Neal had asked Alex in the cave if he remembered the day they had met the Pitneys.  While it was a dim memory from some fourteen years before, to me that time is like the passing of a moment, so I remember it clearly.  They met on a fine summer day just after school had let out for vacation.  There were seven of them, gathered in the front yard in front of the old farmhouse.  Seven young boys who had destinies that would be bound together to bring about great works for God.  It was a good moment, the sun was high and bright, a golden blessing on their faces as they stared at one another, each taking the measure of the others.

            The oldest of them was Neal Osborne, who was eight.  He had long blond hair that was always tousled, and dark brown eyes.  Owen Truman stood beside him, a funny, quick-witted redhead who had been in Neal’s class at school.  They had been close friends since kindergarten, spending nearly every day together.  While Neal looked at everyone seriously and slowly, Owen’s eyes danced merrily while he wondered why they were all here.

            Alexander Rothrock stood on the other side of Neal.  This was Neal’s energetic, brown-haired cousin, who was staying with him this summer.  Jason Shelagh was a meek, skinny boy with short blond hair, Alex’s step-brother.  Their parents had married when he was very small, so he practically worshipped his out-going older step-brother, following him everywhere. 

             Evan Kimball was a friendly boy, always eager to help others and had a very generous nature.  He stared out from under the curls of hair that kept falling in his eyes. He pushed his hair aside with one hand, only to have it fall back a moment later.

            Beside him was Daniel Calhoun from school, the dreaded Miss Montgomery’s first grade class that they had thankfully graduated from the week before.  Daniel’s hair was short and black, and he and Evan were equally curious as to why they were here with these boys from grade two.  For an answer, they turned to the boy that had brought them all here.

            This boy was Ethan Keaton Pitney, the blue-eyed child prodigy in Miss Montgomery’s class.  He always had the right answer, no matter what the question.  He also had the annoying habit of asking the teacher questions that she couldn’t answer for him, so he was often picked on in the schoolyard for being a brain.  As a result he was a very quiet lad, but had found the courage to ask Daniel and Evan to come today to his house with whomever they could convince to bring along.  Evan had invited Neal, who went to his church, and the rest followed.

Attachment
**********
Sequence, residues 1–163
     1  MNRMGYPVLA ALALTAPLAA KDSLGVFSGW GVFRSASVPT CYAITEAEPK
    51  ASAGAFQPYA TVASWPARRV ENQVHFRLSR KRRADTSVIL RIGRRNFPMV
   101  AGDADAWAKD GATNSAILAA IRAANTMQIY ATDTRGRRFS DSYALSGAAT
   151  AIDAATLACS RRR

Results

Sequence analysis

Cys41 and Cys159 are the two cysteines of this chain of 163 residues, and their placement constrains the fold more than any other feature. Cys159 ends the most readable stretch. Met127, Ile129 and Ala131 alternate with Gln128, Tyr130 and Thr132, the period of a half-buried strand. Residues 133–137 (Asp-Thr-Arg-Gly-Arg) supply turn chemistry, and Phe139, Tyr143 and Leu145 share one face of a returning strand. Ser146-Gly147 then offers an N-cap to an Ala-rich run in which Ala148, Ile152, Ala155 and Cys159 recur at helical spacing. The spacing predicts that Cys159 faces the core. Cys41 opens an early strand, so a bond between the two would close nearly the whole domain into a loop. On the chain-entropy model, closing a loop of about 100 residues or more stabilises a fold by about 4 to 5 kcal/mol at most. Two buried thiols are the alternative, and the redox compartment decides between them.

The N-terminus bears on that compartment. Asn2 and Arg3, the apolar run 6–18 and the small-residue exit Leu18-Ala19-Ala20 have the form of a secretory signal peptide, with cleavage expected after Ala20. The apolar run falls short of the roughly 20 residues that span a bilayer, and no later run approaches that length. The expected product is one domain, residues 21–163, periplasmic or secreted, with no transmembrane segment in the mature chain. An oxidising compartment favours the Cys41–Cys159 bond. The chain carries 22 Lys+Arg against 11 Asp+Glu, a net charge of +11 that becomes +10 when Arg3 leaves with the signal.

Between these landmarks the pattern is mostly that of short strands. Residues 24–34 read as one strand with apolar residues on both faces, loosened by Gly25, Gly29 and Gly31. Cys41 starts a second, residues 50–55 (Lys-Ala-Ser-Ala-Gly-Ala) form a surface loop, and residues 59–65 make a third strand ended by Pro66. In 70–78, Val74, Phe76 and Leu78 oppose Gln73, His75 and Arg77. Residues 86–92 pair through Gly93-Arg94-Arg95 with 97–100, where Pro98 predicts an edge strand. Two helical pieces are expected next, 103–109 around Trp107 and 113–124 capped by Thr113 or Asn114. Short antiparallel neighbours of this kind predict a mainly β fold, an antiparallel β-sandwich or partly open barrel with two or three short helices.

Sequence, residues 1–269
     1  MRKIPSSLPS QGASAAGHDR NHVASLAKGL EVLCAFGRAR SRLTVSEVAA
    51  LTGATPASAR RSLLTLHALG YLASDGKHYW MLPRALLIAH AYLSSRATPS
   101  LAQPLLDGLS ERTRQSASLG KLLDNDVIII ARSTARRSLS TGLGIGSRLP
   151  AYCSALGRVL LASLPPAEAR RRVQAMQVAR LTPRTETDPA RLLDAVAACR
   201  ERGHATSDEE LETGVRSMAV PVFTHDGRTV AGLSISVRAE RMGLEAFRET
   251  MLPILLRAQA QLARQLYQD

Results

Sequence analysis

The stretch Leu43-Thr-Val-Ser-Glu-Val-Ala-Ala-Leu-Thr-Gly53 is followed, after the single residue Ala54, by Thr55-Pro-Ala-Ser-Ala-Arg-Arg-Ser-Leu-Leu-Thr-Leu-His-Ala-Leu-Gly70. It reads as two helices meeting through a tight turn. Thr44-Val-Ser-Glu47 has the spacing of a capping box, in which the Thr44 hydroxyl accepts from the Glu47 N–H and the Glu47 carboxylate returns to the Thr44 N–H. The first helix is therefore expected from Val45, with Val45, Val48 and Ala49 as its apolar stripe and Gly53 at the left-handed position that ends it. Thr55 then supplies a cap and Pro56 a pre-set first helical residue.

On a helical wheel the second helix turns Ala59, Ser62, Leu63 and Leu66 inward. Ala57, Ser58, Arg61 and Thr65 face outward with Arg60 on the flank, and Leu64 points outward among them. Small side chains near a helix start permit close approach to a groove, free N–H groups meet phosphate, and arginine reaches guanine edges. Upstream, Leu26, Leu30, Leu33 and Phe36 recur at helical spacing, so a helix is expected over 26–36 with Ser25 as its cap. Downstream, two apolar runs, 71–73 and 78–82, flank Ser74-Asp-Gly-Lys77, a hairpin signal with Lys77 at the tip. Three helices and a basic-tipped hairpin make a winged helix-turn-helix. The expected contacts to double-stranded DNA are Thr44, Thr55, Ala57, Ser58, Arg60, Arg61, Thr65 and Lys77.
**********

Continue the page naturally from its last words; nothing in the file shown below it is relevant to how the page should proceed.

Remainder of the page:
Ethan looked at everyone in turn.  Despite his seemingly meek exterior body language there was a quiet strength in his cool blue eyes.  “I talked to Evan about this at school, a little, but you’re probably still pretty curious.”

            “I’ll say.”  Alex said, “Are you going to tell us, or just keep dragging it out?”

            “I’m sorry, I was getting to it.”  His answer was actually contrite, as if he expected a rebuke for speaking, “I just had this idea, for a game…”

            “What kind of game?”  Owen asked, who was always eager for amusement of any kind.

            “You were telling me about it at school,” Evan said, “It sounded cool.  Knights, you said?”

            “That’s right,” Ethan said, nervous to be questioned from all sides like this. “I thought that it would be fun…  Let me show you.”  Ethan beckoned, and they followed him from his grandparents’ house to their barn across the dusty road.  He and his sister were staying here for the summer with his mother’s parents, while their parents went on vacation in Europe.  That was another thing that had inspired this game:  they had sent him pictures of the castles in Ireland and Scotland.

            The old barn smelled of the cows that stayed there in winter, now grazing out in Ethan’s grandfather’s fields.  The fields seemed well suited for the adventures of questing knights.  There were wide, open spaces, golden fields of long grass and hay, small wooded copses and ponds, and hills to create valleys that seemed like separate little worlds. 

            Ethan led them into the yard behind the barn, where there was a large grey rock sitting in the centre.  In the large stone was a sword.  The boys stared at the sword in the stone in amazement, the bright sun above made it seem like the blade was glowing.

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